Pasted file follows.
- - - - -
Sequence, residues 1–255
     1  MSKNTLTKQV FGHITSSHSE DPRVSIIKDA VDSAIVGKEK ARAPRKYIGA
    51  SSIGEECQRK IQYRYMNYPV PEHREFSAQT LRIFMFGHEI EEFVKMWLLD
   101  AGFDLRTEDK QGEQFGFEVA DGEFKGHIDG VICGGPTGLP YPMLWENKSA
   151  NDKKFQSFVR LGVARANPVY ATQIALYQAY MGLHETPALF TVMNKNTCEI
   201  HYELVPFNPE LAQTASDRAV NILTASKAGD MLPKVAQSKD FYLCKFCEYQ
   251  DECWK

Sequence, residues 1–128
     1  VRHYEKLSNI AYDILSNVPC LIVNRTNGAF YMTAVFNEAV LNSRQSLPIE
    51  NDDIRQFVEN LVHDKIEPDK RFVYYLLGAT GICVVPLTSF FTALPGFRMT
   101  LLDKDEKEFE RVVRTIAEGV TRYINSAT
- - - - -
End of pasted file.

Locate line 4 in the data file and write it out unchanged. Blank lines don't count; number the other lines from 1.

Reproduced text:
   101  AGFDLRTEDK QGEQFGFEVA DGEFKGHIDG VICGGPTGLP YPMLWENKSA